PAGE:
The idea seemed far-fetched, a pipe dream, almost preposterous.
But the more Kayza Massey and her mother Karen talked about it, the more it made absolute sense. It became motivating and challenged them to bring it to life.
''I talked to my mom and told her I heard that the U17 (FIFA Women’s) World Cup of soccer would be coming soon. How cool would it be to play in it with my country,'' said a smiling Kayza, whose face was radiant as she recalled that day in early February.
''It (the idea) was so far out. It was a joke at first. But people said that was cool and we should look into it. Everyone helped.''
In the case of the Ottawa goalkeeper, her country was not Canada, but rather Ghana, a West African nation more than 8,000 km away. Kayza, 15, was born in Walewale in 2001 and at the age of one month was adopted by Karen, who was working in Ghana at the time doing consulting work for UNICEF.
How cool would it be to represent Ghana? The absolute coolest. But the road to her international soccer debut was to be filled with a few hot spots and anxious moments.
Kayza, a talented goalkeeper who went through the Ottawa Gloucester Hornets Soccer system before joining the Ottawa South United’s Ontario Player Development League U15 team last summer, and Karen began the chase without a guidebook.
They used various social media platforms, worked with Cairine Wilson Secondary School teacher/soccer coach Stuart Barber and tapped into the valuable resources of the Ghanaian community in Ottawa to reach the right people in the Ghana Football Association.
The unexpected audition request from a Ghana-born player in Canada was welcome news to the association.
After two weeks of scrambling to put all the puzzle pieces together, Kayza attended a national women’s U17 training camp from Feb. 16 to March 28 in the capital city, Accra, while living with her godfather.
Kayza impressed head coach Evans Adotey during the training sessions. But illness and a sprained right ankle during training kept her out of Ghana’s final two shutout wins over Morocco in the African World Cup qualifying tournament.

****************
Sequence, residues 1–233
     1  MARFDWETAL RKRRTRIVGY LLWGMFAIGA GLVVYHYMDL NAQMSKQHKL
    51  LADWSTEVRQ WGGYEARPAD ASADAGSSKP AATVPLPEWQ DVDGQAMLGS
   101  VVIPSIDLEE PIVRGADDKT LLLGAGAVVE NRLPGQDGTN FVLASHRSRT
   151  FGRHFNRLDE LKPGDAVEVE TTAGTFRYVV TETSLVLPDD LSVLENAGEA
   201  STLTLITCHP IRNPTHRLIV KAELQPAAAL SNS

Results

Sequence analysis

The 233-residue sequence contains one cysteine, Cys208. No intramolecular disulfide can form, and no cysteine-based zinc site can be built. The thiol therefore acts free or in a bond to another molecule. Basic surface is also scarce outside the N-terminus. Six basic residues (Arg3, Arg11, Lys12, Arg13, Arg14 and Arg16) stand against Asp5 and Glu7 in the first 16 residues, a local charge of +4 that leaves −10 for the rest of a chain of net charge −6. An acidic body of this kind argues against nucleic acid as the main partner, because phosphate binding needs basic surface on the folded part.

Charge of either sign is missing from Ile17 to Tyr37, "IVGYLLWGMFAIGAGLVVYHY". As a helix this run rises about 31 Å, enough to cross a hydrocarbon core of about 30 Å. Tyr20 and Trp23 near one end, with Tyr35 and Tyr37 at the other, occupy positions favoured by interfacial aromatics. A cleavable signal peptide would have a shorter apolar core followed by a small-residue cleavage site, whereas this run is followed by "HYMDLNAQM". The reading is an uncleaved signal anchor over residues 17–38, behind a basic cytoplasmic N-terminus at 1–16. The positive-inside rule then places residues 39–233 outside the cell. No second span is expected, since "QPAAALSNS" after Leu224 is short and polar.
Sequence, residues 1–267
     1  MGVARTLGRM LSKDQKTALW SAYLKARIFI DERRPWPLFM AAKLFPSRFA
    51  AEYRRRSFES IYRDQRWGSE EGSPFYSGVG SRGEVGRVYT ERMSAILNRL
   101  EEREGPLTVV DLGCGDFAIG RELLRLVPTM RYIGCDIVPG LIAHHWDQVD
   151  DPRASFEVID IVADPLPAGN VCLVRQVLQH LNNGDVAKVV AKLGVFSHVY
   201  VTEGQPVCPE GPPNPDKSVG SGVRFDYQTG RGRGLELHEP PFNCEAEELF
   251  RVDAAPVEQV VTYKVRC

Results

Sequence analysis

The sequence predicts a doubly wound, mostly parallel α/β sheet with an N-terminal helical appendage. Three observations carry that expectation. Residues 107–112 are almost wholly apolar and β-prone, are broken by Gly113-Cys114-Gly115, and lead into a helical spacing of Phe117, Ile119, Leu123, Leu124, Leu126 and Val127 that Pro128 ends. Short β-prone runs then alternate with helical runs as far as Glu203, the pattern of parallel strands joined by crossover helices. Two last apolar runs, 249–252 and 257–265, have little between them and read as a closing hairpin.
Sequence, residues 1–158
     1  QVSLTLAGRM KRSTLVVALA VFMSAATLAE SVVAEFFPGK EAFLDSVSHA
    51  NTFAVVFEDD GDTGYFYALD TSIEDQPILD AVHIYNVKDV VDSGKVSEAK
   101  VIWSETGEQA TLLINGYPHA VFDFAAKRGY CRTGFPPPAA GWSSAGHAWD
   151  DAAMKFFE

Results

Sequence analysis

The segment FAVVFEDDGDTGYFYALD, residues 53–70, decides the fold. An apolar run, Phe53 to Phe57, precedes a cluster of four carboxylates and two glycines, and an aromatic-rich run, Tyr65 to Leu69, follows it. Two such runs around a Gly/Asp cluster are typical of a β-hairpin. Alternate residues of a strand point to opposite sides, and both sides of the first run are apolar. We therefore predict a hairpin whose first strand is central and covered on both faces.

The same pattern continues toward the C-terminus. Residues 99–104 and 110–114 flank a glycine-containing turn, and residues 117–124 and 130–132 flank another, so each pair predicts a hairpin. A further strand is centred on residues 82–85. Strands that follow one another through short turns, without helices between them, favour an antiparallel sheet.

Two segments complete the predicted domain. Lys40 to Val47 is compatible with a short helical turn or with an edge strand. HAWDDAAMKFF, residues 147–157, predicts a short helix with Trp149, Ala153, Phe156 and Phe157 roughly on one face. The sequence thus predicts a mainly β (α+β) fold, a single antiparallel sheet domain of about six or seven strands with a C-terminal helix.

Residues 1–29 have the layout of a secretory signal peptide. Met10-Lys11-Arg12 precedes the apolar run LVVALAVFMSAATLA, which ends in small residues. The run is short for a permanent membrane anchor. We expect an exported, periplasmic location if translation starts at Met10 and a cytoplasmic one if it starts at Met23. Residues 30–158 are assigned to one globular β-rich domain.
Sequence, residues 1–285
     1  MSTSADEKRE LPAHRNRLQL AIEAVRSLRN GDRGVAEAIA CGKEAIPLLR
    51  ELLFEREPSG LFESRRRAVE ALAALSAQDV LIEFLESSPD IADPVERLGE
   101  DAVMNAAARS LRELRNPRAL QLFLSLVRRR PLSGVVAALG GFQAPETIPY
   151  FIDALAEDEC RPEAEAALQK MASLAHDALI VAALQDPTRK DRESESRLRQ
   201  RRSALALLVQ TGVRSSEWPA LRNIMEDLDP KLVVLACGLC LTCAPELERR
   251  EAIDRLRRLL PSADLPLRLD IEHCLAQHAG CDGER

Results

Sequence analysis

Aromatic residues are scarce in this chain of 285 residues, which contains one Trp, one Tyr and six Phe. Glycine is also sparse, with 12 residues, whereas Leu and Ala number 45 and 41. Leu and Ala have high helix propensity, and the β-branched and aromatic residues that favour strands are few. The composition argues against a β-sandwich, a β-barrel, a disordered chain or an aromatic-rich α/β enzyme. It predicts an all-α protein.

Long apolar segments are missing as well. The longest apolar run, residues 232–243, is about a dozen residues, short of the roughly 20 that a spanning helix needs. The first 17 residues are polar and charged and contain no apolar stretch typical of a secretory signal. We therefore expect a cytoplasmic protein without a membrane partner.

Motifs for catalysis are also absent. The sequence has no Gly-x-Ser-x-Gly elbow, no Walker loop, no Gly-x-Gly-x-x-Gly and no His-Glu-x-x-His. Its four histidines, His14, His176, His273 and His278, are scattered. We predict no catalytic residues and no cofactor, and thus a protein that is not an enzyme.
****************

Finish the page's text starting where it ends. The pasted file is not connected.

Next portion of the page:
The Black Maidens listed Kayza as one of their goalkeepers for the tournament, but three others were on the roster against Morocco.
When Kayza returned to Ottawa, she was uncertain about her future with the team because health reasons prevented her from showing her full potential.
“It was a little iffy because of my injury. But I talked to the coach and he said my name was still on the list,” said Kayza, one of four eligible goalkeepers for two World Cup roster spots for Ghana’s fifth trip to the FIFA U17 Women’s World Cup.
It wasn’t until the day the Ghana team was to fly to Amman, Jordan that it was confirmed Kayza would make her international soccer debut at the World Cup, which ran Sept. 30-Oct. 21. But she would be the No. 2 goalie and, therefore, not likely to see any field time.
But just before the start of the World Cup, No. 1 goalie Martha Koffie Annan sustained a season-ending knee injury and Kayza was promoted to starting goalkeeper.
“I feel I played well in the tournament, (despite) not preparing against any national teams,” said Kayza, adding Ghana learned an invaluable lesson from its opening game loss.
Japan overwhelmed Ghana 5-0 on Oct. 1, but Kayza kept her head held high and was credited with nine direct saves. In the gold-medal final, Japan lost a scoreless match to North Korea 5-4 on penalty kicks
“Japan showed us that’s how national teams play and that’s how we had to play,” she added.
Three days later, Ghana rebounded with a major 2-1 upset victory over the United States off a late game-winning goal. Kayza also caught the eye of the referee, who slapped her with a yellow card for delaying the game once too often late in the match.
Needing a win to qualify for the playoffs, Kayza earned a shutout as Ghana downed Paraguay 1-0 to finish second in Group D at 2-1 and advance to the quarterfinals against North Korea.
Ghana came within a minute of forcing overtime, when North Korea scored in the 94th minute (fourth minute of injury time) for a 2-1 victory. Canada was third in Group B a 1-1-1 and missed the quarterfinals.
“Ghana went into the (World Cup) with the mentality that we could go all the way and be untouchable, but not overconfident,” said Kayza, who is a big thinker and bigger communicator on the field, which was helped by her teammates understanding her English directions.
“Our goal was to get to the semifinals, but it didn’t happen. But we surprised a lot of teams. Most of the countries didn’t think we’d get out of the first round. It was really surreal. I thought my first World Cup would come later in my soccer career. To have it happen now, I am in awe.”
At only 15, Kayza hopes to play for Ghana next year leading up to the 2018 FIFA U17 Women’s World Cup.